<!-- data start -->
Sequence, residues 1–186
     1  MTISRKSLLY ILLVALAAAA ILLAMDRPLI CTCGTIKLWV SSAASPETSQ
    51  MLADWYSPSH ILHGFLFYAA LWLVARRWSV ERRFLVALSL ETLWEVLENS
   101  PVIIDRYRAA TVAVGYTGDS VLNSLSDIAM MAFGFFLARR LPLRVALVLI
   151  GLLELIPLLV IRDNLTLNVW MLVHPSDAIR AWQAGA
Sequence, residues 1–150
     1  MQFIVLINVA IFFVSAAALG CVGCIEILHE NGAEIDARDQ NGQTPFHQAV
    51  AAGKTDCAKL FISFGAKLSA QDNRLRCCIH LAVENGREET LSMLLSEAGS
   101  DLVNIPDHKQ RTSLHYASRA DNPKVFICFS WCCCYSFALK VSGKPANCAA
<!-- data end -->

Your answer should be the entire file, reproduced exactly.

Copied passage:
Sequence, residues 1–186
     1  MTISRKSLLY ILLVALAAAA ILLAMDRPLI CTCGTIKLWV SSAASPETSQ
    51  MLADWYSPSH ILHGFLFYAA LWLVARRWSV ERRFLVALSL ETLWEVLENS
   101  PVIIDRYRAA TVAVGYTGDS VLNSLSDIAM MAFGFFLARR LPLRVALVLI
   151  GLLELIPLLV IRDNLTLNVW MLVHPSDAIR AWQAGA
Sequence, residues 1–150
     1  MQFIVLINVA IFFVSAAALG CVGCIEILHE NGAEIDARDQ NGQTPFHQAV
    51  AAGKTDCAKL FISFGAKLSA QDNRLRCCIH LAVENGREET LSMLLSEAGS
   101  DLVNIPDHKQ RTSLHYASRA DNPKVFICFS WCCCYSFALK VSGKPANCAA